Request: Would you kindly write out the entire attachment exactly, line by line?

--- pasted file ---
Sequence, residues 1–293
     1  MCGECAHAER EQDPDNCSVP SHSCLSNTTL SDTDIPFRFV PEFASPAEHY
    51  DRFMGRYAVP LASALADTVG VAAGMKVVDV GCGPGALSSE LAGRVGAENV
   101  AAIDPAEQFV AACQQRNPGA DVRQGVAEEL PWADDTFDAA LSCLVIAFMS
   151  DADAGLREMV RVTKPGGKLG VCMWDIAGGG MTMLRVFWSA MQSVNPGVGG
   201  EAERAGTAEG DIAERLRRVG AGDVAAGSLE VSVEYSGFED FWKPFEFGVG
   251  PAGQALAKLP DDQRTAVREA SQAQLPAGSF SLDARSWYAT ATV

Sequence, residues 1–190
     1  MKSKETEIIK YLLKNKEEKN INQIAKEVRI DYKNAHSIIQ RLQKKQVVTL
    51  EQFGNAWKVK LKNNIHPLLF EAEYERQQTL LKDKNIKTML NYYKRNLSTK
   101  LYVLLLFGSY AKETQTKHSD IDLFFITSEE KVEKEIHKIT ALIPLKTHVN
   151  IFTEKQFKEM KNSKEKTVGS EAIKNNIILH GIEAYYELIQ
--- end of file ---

Sequence, residues 1–293
     1  MCGECAHAER EQDPDNCSVP SHSCLSNTTL SDTDIPFRFV PEFASPAEHY
    51  DRFMGRYAVP LASALADTVG VAAGMKVVDV GCGPGALSSE LAGRVGAENV
   101  AAIDPAEQFV AACQQRNPGA DVRQGVAEEL PWADDTFDAA LSCLVIAFMS
   151  DADAGLREMV RVTKPGGKLG VCMWDIAGGG MTMLRVFWSA MQSVNPGVGG
   201  EAERAGTAEG DIAERLRRVG AGDVAAGSLE VSVEYSGFED FWKPFEFGVG
   251  PAGQALAKLP DDQRTAVREA SQAQLPAGSF SLDARSWYAT ATV

Sequence, residues 1–190
     1  MKSKETEIIK YLLKNKEEKN INQIAKEVRI DYKNAHSIIQ RLQKKQVVTL
    51  EQFGNAWKVK LKNNIHPLLF EAEYERQQTL LKDKNIKTML NYYKRNLSTK
   101  LYVLLLFGSY AKETQTKHSD IDLFFITSEE KVEKEIHKIT ALIPLKTHVN
   151  IFTEKQFKEM KNSKEKTVGS EAIKNNIILH GIEAYYELIQ